So congratulations to James Rothman, Randy Schekman and Thomas Sudhof for their Nobel Prize win, and for bringing research a step further.
What are your thoughts on the big Nobel Prize news? Let us know in the comments section below
– Douglas Adams
It had all been going so well. The path EU legislation must navigate is notoriously complex. Consultations, proposals, amendments – input from MEPs and compromises between national governments – the road is long and winding.
But for the EU’s directive on how animals are used in medical research, this lengthy process appeared to have produced a compromise which governments agreed would raise standards of animal welfare, reduce red tape by harmonising rules across Europe, and promote the 3Rs.
It was only when animal rights groups began to put pressure on airlines and ferry companies to stop transporting laboratory animals that this came to our attention.
Researchers are concerned that research on non-human mammals, as well as studies involving frogs, insects and fish, could be hampered if companies refuse to transport animals which will be used in labs. This, according to scientists, could even disrupt the fruit fly research used to study genetics.
The reasons for this are many and varied. For one thing, the low-hanging fruit was picked a couple of decades ago so the diseases for which we now need new therapies are the most difficult to treat. This requires a huge investment of time, effort and resources and call for a more collaborative approach to innovation.
For another thing, the cost of conducting research has risen at a time when the rewards are on the wane. A recipe for new drugs it is not.
Yet the world is facing fresh public health challenges due to shifts in demography and lifestyle. Our ageing population means conditions such as Alzheimer’s will become a much greater burden. At the same time diabetes rates are through the roof in develop – and in developing – countries across the world.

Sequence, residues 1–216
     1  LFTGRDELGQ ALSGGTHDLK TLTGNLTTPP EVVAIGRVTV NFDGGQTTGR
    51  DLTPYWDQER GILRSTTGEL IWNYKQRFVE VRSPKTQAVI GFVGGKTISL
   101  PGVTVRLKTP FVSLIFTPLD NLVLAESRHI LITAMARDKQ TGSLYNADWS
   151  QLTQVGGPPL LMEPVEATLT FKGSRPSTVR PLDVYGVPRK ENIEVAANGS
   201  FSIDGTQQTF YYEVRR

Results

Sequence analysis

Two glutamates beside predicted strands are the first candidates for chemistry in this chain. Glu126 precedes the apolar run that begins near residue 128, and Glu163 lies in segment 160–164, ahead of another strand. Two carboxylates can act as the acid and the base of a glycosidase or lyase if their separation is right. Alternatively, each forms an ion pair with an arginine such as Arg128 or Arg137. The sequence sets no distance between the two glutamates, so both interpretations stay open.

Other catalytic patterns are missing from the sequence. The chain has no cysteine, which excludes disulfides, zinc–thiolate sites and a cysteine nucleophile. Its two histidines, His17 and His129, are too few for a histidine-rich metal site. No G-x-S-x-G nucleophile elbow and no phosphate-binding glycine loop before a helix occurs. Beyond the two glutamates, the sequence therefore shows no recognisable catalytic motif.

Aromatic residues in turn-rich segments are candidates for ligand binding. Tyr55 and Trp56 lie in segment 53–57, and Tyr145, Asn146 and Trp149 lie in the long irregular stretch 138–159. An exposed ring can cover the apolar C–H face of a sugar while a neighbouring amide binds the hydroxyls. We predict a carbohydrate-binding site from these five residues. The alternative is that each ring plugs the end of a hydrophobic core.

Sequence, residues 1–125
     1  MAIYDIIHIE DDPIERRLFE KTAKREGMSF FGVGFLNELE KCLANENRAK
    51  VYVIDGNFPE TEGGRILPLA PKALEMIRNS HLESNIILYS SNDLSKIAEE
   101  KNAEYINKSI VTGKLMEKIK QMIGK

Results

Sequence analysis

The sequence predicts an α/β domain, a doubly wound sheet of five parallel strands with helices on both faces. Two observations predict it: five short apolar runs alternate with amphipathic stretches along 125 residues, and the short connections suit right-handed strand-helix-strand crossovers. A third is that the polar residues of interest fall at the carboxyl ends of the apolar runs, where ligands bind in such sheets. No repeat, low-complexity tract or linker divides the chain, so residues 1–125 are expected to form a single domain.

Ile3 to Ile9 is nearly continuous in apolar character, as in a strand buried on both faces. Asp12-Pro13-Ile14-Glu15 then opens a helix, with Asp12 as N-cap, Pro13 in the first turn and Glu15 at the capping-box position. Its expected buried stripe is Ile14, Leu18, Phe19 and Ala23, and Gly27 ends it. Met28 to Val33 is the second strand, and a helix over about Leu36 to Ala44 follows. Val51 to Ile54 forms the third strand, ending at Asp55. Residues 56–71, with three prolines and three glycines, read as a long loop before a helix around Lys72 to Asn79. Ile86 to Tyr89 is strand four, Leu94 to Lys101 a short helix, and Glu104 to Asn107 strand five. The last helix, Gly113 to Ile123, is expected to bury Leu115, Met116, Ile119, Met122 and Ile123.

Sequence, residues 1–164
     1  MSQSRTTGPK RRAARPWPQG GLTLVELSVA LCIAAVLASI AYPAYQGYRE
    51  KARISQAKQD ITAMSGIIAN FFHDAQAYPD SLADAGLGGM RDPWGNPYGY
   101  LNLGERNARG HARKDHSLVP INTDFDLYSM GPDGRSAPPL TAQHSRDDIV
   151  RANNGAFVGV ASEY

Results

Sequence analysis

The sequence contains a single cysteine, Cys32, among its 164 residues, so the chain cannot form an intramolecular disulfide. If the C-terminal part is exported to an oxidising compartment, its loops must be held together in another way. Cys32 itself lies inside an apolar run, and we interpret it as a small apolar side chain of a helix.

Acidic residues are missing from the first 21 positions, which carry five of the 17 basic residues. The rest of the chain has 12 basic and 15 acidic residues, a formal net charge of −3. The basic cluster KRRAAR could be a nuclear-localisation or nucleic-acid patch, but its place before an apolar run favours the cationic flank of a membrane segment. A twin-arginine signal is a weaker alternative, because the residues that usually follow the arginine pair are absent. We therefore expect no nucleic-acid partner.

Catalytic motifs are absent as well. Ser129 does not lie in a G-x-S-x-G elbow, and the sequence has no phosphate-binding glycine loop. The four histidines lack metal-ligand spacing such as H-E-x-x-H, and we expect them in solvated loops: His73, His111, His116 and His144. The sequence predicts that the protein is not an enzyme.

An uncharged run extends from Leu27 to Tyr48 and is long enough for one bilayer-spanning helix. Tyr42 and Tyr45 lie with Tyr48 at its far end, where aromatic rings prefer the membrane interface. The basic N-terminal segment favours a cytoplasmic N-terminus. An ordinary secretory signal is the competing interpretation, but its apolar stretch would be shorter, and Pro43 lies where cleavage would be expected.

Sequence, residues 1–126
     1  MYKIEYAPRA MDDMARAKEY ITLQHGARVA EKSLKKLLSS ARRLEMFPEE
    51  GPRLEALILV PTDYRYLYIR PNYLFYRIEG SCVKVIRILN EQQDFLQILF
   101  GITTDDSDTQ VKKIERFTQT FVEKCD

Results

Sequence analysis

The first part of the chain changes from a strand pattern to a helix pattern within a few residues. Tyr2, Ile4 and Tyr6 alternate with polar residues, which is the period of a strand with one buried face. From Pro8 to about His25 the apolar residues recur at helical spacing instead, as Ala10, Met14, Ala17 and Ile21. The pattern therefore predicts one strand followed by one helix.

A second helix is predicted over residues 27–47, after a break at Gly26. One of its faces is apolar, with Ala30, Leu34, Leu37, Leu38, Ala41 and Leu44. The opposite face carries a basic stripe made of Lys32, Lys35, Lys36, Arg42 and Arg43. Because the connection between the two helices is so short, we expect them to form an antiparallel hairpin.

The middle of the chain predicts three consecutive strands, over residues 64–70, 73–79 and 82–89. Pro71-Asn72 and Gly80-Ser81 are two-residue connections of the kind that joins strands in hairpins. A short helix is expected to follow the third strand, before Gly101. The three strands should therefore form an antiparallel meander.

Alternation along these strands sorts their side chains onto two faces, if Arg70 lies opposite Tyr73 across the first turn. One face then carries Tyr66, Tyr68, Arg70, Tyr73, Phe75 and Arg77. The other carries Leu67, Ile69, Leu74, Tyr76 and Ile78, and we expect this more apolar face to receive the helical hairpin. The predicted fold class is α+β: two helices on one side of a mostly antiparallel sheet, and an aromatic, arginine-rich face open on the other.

Medical research is a global endeavour regulated locally. Researchers move, patients move – even animals move (sometimes) – and ideas, of course care little for borders. But could more be done to agree common standards for animal research and for validating non-animal testing models?
Well, yes. International cooperation is climbing steadily up the agenda as scientists and policymakers from Europe, the US, China, Brazil and elsewhere share their views on how to support medical progress while making meaningful strides forward towards the 3Rs – reduction, refinement and replacement.
Much of the debate over the use of animal testing in drug development is a cocktail of facts, emotions and ethics. Regulators have tried to strike a balance between these factors in the forthcoming EU Directive 2010/63/EU, but there is still considerable pressure to stop animal testing altogether. What would happen to drug development, and where would it take place, if animal testing were banned? It’s difficult to find the ‘right’ answers, particularly when rare, or orphan, diseases are involved.
Orphan diseases, affect not more than 5 in 10000 people, With some 29 million sufferers in the EU;
The EU research budget – a major source of support for medical science – is under serious threat and could be about to fall victim to a much wider political spat over public spending.